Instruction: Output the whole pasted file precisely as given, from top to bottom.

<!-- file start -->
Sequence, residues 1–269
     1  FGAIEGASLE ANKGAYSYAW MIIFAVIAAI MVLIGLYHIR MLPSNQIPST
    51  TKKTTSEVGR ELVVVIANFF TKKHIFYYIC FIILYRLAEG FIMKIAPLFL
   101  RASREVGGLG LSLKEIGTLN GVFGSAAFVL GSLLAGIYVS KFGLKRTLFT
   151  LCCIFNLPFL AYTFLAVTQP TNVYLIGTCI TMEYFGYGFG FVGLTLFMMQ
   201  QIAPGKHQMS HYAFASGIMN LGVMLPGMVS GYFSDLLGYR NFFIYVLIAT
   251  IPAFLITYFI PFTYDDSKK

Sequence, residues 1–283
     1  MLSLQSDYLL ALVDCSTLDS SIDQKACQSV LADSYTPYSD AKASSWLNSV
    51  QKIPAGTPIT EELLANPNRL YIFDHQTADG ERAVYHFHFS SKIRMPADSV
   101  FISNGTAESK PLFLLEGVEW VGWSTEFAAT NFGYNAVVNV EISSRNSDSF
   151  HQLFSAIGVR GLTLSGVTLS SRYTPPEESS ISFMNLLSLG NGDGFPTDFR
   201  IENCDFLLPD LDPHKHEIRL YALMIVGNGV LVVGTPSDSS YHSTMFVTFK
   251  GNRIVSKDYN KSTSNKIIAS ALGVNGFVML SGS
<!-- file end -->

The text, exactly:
Sequence, residues 1–269
     1  FGAIEGASLE ANKGAYSYAW MIIFAVIAAI MVLIGLYHIR MLPSNQIPST
    51  TKKTTSEVGR ELVVVIANFF TKKHIFYYIC FIILYRLAEG FIMKIAPLFL
   101  RASREVGGLG LSLKEIGTLN GVFGSAAFVL GSLLAGIYVS KFGLKRTLFT
   151  LCCIFNLPFL AYTFLAVTQP TNVYLIGTCI TMEYFGYGFG FVGLTLFMMQ
   201  QIAPGKHQMS HYAFASGIMN LGVMLPGMVS GYFSDLLGYR NFFIYVLIAT
   251  IPAFLITYFI PFTYDDSKK

Sequence, residues 1–283
     1  MLSLQSDYLL ALVDCSTLDS SIDQKACQSV LADSYTPYSD AKASSWLNSV
    51  QKIPAGTPIT EELLANPNRL YIFDHQTADG ERAVYHFHFS SKIRMPADSV
   101  FISNGTAESK PLFLLEGVEW VGWSTEFAAT NFGYNAVVNV EISSRNSDSF
   151  HQLFSAIGVR GLTLSGVTLS SRYTPPEESS ISFMNLLSLG NGDGFPTDFR
   201  IENCDFLLPD LDPHKHEIRL YALMIVGNGV LVVGTPSDSS YHSTMFVTFK
   251  GNRIVSKDYN KSTSNKIIAS ALGVNGFVML SGS